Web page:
Summer Vacation Doesn’t Mean That Children Stop Learning

Some kids strive to completely avoid anything that resembles school work during the summer months, but one expert says it means they’ll likely need weeks to get back into the swing next fall. Emily Hayden, a professor of literacy education at Iowa State University, suggests parents help their children to avoid the “summer slide” by incorporating learning into summertime activities.

Whatever interests your kid, there’s probably a book about it — from bugs to cars and from bikes to cooking. When her daughter was younger, Hayden says they’d venture to the library or the bookstore to “test drive” some topics during the summer.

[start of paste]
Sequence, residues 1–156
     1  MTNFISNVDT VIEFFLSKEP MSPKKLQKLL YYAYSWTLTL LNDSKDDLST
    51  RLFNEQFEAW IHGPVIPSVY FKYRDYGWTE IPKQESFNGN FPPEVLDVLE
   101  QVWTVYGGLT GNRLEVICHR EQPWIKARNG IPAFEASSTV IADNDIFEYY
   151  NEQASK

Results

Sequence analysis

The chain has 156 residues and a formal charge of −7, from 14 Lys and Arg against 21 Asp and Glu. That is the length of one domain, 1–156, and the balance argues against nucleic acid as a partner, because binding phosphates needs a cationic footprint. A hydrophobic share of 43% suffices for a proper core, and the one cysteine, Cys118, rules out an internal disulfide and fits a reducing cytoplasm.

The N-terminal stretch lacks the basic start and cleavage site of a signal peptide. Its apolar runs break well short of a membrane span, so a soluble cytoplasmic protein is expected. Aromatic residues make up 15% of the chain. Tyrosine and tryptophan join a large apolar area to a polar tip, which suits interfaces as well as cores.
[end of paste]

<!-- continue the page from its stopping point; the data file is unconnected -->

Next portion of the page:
Hayden is a former elementary school teacher and says today’s grade school teachers -do- still offer their students summer reading lists.

It’s okay to choose summer selections with lots of pictures and less text, she says, if it can nudge the child into pleasure reading. Hayden also suggests packing a journal during summer vacation so kids can write about their experiences and include photos.

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